■ 10 November 2014 by James Martin
Within a patchwork of agricultural fields in the Lecce province of Puglia lies one of my favorite Romanesque abbeys, the Abbey of Santa Maria di Cerrate. The complex of buildings sprouted in the 12th century represents one of the finest examples of Romanesque architecture you’ll find in Puglia today.
On a bright morning, the sun gleams from the limestone facade of the church and the camera renders the sky an impossibly deep blue. You can feel the calm. The church is typically simple, like the food of Puglia. It’s open—not cluttered with all those spiritual market-stall chapels that surround the nave as in modern churches.
Although the church is stunning—and contains 13th century frescoes you can see below—there is more:
The Church is complemented not only by an arcade but also by the Monks’ House, the Museum of Popular Arts and Traditions, and a building erected in the 16th century, which probably originally served as a cowshed and is now an exhibition space. The Abbey was not only a religious centre but also a productive hub: out of the close links between the Abbey and the surrounding countryside so rich in olive groves, fruit trees and crops, there arose a great deal of agricultural activity, and today we can see the remains of two ancient underground olive oil mills and wells for collecting the oil. ~ Abbey of Santa Maria di Cerrate
The fountain has already been restored, thanks to a donation from Prada. While the architecture and frescoes await their turn at restoration.
To Plan a Visit
The site is currently open on weekends.
According to the FIA site linked above, “The Abbey is on restoration. Please call (0039) 02 467615325 or write to firstname.lastname@example.org to verify the opening hours and/or to reserve a guided tour. The Abbey is closed on December,25th and 26th, January 1st.”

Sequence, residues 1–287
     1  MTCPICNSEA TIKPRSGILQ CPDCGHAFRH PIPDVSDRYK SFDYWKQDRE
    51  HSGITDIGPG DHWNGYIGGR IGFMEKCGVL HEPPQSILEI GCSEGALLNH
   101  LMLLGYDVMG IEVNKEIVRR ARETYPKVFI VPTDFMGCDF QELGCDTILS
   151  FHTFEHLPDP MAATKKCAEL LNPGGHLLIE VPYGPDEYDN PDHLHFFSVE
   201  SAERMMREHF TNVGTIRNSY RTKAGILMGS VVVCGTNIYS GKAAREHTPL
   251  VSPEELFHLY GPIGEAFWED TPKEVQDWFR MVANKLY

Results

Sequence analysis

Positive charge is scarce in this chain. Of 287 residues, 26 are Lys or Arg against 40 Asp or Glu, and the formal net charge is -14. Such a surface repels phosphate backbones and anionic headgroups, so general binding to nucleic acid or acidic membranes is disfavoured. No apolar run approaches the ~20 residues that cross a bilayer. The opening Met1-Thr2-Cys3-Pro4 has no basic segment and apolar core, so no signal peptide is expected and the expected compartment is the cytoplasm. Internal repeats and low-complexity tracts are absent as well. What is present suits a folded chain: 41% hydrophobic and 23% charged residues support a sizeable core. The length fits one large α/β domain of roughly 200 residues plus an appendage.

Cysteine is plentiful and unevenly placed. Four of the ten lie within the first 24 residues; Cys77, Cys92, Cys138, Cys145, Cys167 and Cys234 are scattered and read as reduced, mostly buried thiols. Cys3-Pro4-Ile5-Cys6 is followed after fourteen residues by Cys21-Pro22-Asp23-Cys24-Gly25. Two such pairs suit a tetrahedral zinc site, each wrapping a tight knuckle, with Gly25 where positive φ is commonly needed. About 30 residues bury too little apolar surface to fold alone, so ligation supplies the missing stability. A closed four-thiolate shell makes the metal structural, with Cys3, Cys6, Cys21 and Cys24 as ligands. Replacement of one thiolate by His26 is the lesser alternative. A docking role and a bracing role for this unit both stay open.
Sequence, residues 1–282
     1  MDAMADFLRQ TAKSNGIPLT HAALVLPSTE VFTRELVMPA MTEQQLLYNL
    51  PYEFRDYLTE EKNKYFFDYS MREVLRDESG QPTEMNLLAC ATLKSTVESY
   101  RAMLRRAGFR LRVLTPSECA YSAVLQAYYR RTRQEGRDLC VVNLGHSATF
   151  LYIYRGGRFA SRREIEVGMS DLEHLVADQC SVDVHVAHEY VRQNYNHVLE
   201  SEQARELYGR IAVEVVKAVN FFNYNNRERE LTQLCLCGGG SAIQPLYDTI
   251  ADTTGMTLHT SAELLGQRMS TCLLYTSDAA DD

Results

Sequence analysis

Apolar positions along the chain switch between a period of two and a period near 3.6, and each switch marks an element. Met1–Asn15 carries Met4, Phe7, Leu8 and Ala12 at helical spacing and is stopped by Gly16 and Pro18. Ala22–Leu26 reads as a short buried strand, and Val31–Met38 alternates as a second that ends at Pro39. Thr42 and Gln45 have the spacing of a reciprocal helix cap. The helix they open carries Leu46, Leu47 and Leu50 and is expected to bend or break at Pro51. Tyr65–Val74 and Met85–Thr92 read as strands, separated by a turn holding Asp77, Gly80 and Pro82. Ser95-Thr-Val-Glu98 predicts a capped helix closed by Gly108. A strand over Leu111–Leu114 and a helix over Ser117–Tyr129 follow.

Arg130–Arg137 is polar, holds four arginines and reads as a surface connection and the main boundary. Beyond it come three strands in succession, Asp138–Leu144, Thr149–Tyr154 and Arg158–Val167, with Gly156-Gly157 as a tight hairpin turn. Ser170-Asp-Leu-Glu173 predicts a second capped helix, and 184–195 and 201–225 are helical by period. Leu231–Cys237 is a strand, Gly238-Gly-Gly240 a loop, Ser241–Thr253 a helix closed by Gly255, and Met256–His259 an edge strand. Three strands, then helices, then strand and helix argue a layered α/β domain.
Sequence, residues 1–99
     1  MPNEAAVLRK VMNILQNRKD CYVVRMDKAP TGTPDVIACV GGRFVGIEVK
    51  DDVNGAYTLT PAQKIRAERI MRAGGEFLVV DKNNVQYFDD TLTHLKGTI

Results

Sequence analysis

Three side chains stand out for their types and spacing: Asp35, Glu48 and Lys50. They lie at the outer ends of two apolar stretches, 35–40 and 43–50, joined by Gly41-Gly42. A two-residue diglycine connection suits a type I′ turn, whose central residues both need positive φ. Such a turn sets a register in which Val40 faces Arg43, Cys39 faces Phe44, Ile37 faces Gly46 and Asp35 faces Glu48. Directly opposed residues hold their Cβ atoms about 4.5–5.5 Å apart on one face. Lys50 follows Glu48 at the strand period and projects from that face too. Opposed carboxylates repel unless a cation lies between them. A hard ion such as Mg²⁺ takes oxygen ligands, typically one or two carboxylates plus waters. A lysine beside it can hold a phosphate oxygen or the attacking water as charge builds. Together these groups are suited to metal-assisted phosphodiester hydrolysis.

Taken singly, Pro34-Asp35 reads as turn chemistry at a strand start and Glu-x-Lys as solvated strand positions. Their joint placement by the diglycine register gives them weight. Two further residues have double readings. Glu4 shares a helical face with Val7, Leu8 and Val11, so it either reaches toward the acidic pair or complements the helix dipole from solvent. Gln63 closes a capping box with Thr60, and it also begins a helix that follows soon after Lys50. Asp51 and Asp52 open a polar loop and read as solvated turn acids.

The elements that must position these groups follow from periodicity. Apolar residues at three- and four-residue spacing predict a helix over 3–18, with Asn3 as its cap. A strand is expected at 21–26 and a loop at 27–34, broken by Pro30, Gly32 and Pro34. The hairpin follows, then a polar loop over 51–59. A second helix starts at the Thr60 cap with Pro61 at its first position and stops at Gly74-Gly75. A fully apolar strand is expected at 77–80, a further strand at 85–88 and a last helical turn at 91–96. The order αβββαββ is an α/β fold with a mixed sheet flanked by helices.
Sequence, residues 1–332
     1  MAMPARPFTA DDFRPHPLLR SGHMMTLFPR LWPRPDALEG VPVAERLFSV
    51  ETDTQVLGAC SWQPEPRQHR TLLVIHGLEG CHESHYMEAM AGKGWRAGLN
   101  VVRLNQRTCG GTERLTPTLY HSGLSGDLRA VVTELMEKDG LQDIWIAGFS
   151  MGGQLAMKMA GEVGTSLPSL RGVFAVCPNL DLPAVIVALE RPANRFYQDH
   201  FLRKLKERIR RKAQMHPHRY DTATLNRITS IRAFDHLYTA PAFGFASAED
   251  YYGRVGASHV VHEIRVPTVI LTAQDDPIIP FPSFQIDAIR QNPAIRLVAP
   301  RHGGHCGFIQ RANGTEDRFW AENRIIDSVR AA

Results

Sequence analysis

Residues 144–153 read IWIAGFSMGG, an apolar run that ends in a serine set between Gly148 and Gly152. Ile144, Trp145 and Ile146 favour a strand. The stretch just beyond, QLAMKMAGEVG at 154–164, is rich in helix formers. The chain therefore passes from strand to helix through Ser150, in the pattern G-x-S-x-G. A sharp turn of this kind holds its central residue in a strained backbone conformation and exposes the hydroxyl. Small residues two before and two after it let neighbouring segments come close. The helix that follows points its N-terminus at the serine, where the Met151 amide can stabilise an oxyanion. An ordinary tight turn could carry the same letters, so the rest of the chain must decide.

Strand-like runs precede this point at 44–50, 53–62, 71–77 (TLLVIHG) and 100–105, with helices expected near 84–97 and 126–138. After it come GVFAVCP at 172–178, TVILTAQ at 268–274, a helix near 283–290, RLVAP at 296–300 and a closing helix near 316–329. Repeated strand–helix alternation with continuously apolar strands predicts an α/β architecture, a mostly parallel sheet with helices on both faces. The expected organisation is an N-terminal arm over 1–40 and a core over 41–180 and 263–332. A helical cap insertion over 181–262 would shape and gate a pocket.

We just drove in and had a look around. It’s a pretty amazing place to wander in.
Staying: we recommend Masseria Provenzani near the Abbey, a very fine and very affordable Masseria reworked into rooms and suites, highly recommended. Cooking schools are offered.
Italy Travel Toolbox
- All About Italy Rail Passes
- How to Ride Italian Trains (video)
- Italy Maps
- Italy Cities Climate and Weather
- Italy Autostrada Map
- Cinque Terre Hiking Map
■ 7 September 2014 by James Martin
Travel clogs your brain with all sorts of pernicious poppycock. You work it in there with all the truths and half truths you discover on your journey through life, and out comes a crusty deposit full of holes. Like bread.
On our last trip to Rome we stayed northwest of the Vatican, in the neighborhood called Aurelio. This happens to be the place where the current king of bread, a guy named Bonci, has a pizza joint. As a journalist, I had to try the pizza. After all, it was all the rage. The man was a saint, according to the lit. This fact, of course, made me want to ignore him. I am a contrarian. I immediately think of other things, hidden things, when confronted with anyone made godly by a ballooning cadre of sycophants. (After all, at the height of his power, Mussolini received about 1,500 letters a day from Italian men and women of all social classes praising his political prowess. Think on that!)
In any case, I also visited a bakery in Puglia, a region which I consider the best for bread. There I met Lorenzo Accarino in a store called Chichino Pane in Monte Sant’Angelo. He was throwing big, wobbly hunks of bread to be baked.
And he didn’t knead it. Not a bit.
So, then I listened to a talk about bread at La bottega di Stigliano, a food cooperative in Siena province. The talk turned to modern folks inability to digest bread, and one of the threads being studied was the turn away from ancient methods to “quick rise” methods of making bread faster. We all took a swerve and started to make bread like factories, a quick rise, kneading to align the gluten in the flour, a short rise and then bang, into an oven.